• A common information management platform to enable the sharing of essential documentation such as shared standards, project documentation, technical specifications, etc.
• A means to integrate and optimize business processes across the work groups and business divisions across the partner organizations
• The ability to quickly access and analysis the mountains of data created within connected car projects
• A common platform to manage information governance and compliance across all partnership projects

All manufacturing companies – especially automotive – are seeing an explosion of data and strategic alliances add to the vast mountains of information that companies need to make sense of. However, manufacturers are amongst the worst culprits in creating what Gartner terms ‘dark data’ – data created and processed during normal business operations but not exploited in any other way. As the impact of IoT grows and artificial intelligence becomes more commonplace, analytics holds the key for automotive companies and partners to build innovation and insight into their DNA.

Enterprise Information Management will grow in importance within automotive as it is best suited to this analysis, management and sharing of common data, content and documentation.

The role of EIM in automotive transformation

Integrated information management is now an essential part of the IT infrastructure for automotive companies. In order to meet the needs of their strategic partnerships, organisations have to effectively manage information flows that travel up and down as well as inside and outside the organization. This has to be provided on a single, central digital platform that is secure, scalable and available.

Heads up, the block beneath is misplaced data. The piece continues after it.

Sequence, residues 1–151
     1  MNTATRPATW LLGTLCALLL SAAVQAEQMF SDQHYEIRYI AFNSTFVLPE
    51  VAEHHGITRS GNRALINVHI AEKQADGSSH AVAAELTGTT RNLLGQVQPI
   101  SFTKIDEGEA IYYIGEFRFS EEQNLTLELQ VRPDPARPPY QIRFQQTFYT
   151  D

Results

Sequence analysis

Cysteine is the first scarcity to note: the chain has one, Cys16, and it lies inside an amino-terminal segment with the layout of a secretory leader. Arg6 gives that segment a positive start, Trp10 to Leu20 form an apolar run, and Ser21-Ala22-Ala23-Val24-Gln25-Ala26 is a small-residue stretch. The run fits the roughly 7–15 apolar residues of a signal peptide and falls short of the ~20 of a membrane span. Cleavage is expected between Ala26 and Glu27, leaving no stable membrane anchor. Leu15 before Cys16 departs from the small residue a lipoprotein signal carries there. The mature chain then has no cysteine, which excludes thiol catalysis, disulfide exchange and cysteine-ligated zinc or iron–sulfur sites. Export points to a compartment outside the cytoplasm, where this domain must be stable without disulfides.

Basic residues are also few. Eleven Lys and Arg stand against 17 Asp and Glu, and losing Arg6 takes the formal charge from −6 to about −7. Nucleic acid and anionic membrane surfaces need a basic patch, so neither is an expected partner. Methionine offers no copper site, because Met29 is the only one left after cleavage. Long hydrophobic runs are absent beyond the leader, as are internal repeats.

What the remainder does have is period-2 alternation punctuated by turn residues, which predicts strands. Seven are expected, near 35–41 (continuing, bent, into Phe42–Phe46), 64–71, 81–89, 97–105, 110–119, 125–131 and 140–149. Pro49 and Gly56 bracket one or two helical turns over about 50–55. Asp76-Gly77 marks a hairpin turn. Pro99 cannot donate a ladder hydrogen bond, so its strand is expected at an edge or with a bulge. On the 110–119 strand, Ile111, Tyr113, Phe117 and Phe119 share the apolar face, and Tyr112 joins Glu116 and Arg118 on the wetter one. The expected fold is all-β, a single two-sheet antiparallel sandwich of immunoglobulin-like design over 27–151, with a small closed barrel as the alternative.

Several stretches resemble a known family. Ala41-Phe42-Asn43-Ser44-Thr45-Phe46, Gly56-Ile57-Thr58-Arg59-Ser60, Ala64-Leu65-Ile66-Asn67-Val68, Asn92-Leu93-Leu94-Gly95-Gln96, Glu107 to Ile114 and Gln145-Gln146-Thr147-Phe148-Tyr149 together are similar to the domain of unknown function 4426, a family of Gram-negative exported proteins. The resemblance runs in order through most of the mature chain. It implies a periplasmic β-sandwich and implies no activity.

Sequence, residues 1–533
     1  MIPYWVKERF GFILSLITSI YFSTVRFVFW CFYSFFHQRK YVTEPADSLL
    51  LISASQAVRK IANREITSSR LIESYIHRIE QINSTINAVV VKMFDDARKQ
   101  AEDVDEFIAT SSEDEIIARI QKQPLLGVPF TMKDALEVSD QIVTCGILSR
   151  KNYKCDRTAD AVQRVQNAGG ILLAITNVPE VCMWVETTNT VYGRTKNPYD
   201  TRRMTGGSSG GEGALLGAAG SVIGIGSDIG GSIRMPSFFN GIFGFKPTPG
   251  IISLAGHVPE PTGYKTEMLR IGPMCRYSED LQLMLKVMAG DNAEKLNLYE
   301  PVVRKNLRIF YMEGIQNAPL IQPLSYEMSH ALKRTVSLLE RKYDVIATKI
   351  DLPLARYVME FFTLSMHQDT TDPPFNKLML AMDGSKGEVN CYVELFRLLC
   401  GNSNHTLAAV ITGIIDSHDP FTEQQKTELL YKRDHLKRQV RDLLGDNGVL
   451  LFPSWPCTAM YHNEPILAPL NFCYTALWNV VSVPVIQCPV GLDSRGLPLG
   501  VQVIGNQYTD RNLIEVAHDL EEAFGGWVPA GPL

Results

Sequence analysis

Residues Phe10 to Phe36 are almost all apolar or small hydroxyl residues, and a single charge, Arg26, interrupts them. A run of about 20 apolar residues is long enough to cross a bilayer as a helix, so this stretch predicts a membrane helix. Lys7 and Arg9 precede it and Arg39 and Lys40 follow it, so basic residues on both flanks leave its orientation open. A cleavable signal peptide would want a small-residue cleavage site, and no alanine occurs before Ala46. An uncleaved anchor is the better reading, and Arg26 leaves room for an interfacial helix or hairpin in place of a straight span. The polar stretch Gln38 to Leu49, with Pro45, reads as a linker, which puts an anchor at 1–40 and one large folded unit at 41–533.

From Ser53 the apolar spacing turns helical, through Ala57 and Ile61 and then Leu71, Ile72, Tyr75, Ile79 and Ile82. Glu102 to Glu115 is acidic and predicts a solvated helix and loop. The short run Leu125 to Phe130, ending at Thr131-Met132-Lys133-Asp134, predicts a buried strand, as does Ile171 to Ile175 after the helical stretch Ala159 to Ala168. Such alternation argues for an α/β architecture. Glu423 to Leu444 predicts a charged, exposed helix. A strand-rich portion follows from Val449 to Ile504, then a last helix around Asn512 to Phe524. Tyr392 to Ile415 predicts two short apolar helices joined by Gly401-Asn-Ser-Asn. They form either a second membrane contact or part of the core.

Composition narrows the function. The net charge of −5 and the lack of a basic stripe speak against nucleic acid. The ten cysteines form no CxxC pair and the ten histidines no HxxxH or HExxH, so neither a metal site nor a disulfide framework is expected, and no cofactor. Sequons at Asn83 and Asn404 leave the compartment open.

The challenge for auto makers is that many of their core enterprise applications – PLM, ERP, CRM, WMS, etc – were not designed to enable the flow of information between systems – let alone business units or trading partners. Yet, it’s vital that companies can locate, access, analyze and share that information wherever it resides.

EIM overcomes this by playing three interlocking roles for organizations:

• The Digital Hub: EIM delivers a central platform for the management, analysis and distribution of information. It provides contextual data and information related to applications which do not have a sophisticated repository such as ERP, PLM or CRM
• The Digital Backbone: Where the information does not exist within the EIM system, it becomes a conduit to share references to information locked in data silos. It is able to reference, extract, normalize and share that data as required
• The Digital Archive: For regulatory and compliance purposes, the EIM system efficiently archives legacy and obsolete information. It maintains a live reference to the data for easy of access and retrieval
EIM provides the ‘digital backbone’ that auto makers need to support the way automotive products and services are designed, produced, delivered, and serviced in this new, collaborative digital world

To find out more about how EIM is helping in automotive transformation, join us at the Best Practice in Automotive conference in Michigan from 18-20 September. In my next blog, I’ll expand on the role AI enhanced analytics will play in helping the automotive industry meet the challenges of its four mega trends.

Tom Leeson

Tom is Industry Marketing Strategist for the Manufacturing Sector globally. An Engineer by Trade, and Mathematician by Education, Tom’s entire career has been spent in Engineering, Manufacturing and IT helping customers digitally transform their business and their manufacturing sector. With Industry 4.0 and the Industrial Internet of Things, Manufacturing lives in exciting times, so there is much to talk about.